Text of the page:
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Strange problem drawing text in a dialog

Hi,

I have a label on my dialogbox who has to change text while running. This is
what I do:

lblBackup.Text = "Bezig met de backup naar " + F1.FTPserver;

but the text does'nt appear, only if I draw (call) a messagebox, then the
text appears. What can it be? I had made a total new one, but did'nt help.

Rinaldo

Nov 5 '07 #1
3 1791
On 2007-11-05 06:46:03 -0800, "Rinaldo"
<zw*************@hotmail.com.nospamsaid:
I have a label on my dialogbox who has to change text while running.
This is what I do:

lblBackup.Text = "Bezig met de backup naar " + F1.FTPserver;

but the text does'nt appear, only if I draw (call) a messagebox, then
the text appears. What can it be? I had made a total new one, but
did'nt help.
If I had to guess (and I do, because you didn't post nearly enough code
to illustrate what you're actually doing), I'd guess that you are in
some sort of processing loop in which you change the Text property of
the Label and that processing loop is in the main UI thread.

If that's the case, then until the processing loop has completed and
whatever UI method started the processing loop returns, nothing in your
UI will be able to redraw itself, including the Label that you've
changed.

If you have a lengthy processing to do and you have a need for the UI
to remain responsive (including redrawing when you update it), then you
need to put the processing into a different thread so that the UI can
update itself when necessary.

The BackgroundWorker class is ideal for simple examples of this sort of
situation. You can use it to run your processing, and from the
processing code use the Control.Invoke() method to execute code that
will update the UI. Then the UI changes will actually be visible to
the user while the processing goes on.

Pete

Nov 5 '07 #2
Hi pete,

The strange thing was that it suddenly stopped. It was because it did'nt
redraw the dialog, but a this.Refresh() worked. I do'nt know why it stopped
to work.

Thanx for your excelent explanation, but I have just yet another bunch of
questions, I am a beginner. I formally programmed C, but that's 20 years
ago.

"Peter Duniho" <Np*********@NnOwSlPiAnMk.comschreef in bericht
news:2007110509155650073-NpOeStPeAdM@NnOwSlPiAnMkcom...
On 2007-11-05 06:46:03 -0800, "Rinaldo"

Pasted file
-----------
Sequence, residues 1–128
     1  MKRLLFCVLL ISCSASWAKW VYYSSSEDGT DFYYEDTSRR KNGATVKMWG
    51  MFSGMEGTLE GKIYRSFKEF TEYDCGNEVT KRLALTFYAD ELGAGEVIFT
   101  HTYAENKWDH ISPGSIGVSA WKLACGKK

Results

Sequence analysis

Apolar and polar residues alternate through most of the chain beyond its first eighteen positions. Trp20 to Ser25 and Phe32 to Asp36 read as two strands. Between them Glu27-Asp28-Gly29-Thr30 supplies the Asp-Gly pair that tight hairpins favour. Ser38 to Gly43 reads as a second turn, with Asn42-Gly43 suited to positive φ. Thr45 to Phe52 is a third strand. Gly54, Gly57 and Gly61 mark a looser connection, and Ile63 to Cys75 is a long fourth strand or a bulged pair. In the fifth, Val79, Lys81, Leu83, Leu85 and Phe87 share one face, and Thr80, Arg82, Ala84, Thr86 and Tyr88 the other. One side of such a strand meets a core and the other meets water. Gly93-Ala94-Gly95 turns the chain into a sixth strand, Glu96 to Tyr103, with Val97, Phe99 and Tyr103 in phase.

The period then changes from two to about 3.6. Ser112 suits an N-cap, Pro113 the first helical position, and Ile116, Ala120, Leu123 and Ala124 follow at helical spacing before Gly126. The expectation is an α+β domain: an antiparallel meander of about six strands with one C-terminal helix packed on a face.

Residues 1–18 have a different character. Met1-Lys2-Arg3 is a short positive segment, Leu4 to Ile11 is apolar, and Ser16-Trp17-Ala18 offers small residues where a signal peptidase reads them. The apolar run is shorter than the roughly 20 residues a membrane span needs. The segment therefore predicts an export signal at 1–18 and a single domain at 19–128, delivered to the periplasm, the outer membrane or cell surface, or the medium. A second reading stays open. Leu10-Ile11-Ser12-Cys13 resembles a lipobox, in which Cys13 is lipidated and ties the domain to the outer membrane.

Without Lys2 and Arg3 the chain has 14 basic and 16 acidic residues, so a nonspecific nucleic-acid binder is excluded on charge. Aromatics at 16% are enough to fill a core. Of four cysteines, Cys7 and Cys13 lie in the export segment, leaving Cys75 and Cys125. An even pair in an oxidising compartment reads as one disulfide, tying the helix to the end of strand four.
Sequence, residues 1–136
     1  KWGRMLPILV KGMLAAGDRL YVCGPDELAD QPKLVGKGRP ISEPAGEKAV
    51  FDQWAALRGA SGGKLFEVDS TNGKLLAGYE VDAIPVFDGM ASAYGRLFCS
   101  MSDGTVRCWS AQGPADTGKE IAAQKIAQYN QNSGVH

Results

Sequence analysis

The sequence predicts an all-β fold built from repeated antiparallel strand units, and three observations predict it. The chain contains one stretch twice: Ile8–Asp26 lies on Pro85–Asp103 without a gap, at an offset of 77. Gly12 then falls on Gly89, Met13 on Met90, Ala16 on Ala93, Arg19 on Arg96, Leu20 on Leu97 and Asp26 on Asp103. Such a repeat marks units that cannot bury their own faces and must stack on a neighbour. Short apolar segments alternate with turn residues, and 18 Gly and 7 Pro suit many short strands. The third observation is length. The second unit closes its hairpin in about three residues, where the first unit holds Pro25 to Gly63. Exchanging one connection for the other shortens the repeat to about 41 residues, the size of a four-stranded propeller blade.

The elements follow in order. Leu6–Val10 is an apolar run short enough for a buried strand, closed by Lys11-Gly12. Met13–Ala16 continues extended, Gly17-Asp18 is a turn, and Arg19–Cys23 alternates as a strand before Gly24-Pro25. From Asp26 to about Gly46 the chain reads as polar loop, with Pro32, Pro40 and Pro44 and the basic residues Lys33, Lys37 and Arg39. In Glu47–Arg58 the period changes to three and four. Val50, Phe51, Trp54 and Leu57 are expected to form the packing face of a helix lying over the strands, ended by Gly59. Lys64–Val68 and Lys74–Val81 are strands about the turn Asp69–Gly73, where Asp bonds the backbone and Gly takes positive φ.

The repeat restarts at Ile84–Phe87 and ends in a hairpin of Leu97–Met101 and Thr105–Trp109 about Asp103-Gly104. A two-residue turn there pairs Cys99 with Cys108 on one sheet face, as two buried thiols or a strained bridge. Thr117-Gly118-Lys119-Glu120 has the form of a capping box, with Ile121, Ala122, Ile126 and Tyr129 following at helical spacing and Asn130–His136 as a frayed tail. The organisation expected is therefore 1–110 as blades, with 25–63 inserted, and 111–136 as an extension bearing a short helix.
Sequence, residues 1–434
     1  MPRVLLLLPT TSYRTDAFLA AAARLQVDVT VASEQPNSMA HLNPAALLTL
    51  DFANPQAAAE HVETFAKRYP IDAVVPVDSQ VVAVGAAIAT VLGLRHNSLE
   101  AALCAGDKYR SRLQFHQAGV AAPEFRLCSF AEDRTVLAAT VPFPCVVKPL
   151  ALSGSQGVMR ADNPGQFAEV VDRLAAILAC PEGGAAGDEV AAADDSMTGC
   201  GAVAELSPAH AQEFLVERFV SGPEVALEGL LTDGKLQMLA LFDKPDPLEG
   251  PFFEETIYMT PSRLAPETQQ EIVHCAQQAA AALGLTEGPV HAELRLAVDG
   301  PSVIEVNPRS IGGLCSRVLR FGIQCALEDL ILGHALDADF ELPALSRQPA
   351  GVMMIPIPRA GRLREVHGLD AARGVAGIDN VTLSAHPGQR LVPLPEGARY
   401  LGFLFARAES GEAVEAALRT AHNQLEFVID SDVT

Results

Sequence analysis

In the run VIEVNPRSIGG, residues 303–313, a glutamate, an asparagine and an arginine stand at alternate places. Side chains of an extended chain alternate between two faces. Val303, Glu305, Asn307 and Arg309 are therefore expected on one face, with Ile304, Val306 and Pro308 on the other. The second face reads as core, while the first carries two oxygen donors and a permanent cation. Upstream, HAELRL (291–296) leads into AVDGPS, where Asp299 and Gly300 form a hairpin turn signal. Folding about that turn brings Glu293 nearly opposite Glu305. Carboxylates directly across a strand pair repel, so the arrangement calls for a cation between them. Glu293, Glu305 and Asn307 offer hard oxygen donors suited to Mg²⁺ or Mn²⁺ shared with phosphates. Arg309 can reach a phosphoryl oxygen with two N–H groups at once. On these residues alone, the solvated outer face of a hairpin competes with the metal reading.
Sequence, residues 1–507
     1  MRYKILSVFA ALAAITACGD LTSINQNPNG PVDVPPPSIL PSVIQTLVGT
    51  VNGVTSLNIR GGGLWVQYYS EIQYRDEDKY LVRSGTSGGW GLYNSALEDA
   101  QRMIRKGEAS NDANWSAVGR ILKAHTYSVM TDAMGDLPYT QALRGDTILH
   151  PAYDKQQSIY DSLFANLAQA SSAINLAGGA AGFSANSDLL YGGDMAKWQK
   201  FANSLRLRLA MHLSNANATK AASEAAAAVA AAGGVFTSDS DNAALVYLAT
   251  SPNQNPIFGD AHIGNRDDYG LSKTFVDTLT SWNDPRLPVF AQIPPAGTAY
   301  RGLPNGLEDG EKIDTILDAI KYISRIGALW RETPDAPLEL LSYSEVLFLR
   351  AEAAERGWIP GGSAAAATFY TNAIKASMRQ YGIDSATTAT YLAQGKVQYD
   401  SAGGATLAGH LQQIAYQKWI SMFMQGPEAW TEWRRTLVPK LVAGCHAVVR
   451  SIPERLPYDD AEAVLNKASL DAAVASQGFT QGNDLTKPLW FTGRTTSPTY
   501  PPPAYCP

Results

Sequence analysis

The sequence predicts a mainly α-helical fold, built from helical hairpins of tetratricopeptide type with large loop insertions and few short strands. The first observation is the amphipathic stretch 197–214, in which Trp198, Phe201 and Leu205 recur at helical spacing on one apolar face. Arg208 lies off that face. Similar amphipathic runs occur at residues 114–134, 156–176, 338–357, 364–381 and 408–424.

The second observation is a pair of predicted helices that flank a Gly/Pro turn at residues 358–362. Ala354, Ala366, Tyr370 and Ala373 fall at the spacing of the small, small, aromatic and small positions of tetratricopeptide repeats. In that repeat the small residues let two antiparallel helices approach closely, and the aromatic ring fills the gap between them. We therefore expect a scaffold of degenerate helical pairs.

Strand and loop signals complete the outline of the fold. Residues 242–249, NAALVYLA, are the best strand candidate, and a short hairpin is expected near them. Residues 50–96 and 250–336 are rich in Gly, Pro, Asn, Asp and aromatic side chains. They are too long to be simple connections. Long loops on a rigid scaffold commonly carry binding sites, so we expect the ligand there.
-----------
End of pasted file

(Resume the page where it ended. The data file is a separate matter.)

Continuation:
<zw*************@hotmail.com.nospamsaid:
>I have a label on my dialogbox who has to change text while running. This
is what I do:

lblBackup.Text = "Bezig met de backup naar " + F1.FTPserver;

but the text does'nt appear, only if I draw (call) a messagebox, then the
text appears. What can it be? I had made a total new one, but did'nt
help.

If I had to guess (and I do, because you didn't post nearly enough code to
illustrate what you're actually doing), I'd guess that you are in some
sort of processing loop in which you change the Text property of the Label
and that processing loop is in the main UI thread.

If that's the case, then until the processing loop has completed and
whatever UI method started the processing loop returns, nothing in your UI
will be able to redraw itself, including the Label that you've changed.

If you have a lengthy processing to do and you have a need for the UI to
remain responsive (including redrawing when you update it), then you need
to put the processing into a different thread so that the UI can update
itself when necessary.

The BackgroundWorker class is ideal for simple examples of this sort of
situation. You can use it to run your processing, and from the processing
code use the Control.Invoke() method to execute code that will update the
UI. Then the UI changes will actually be visible to the user while the
processing goes on.

Pete

Nov 5 '07 #3
On 2007-11-05 10:35:10 -0800, "Rinaldo"
<zw*************@hotmail.com.nospamsaid:
The strange thing was that it suddenly stopped. It was because it
did'nt redraw the dialog, but a this.Refresh() worked. I do'nt know why
it stopped to work.
Don't use Refresh(). It's a hack. If calling Refresh() causes the
update to happen, then it's almost certain that the problem is exactly
as I described and should be solved in the way I describe, rather than
calling Refresh() or related methods (e.g. don't call Control.Update()
or Application.DoEvents() either).
Thanx for your excelent explanation, but I have just yet another bunch
of questions, I am a beginner. I formally programmed C, but that's 20
years ago.
Well, that's what the newsgroup is for. To answer questions. :) So
fire away...

That said, there are numbers of threads already discussing the
fundamental concepts raised here: BackgroundWorker and
Control.Invoke(). Google Groups will help you find those. It's
entirely possible that any question you might have has already been
asked and answered here, so you should check the archives before
posting new questions.

Pete

Nov 5 '07 #4

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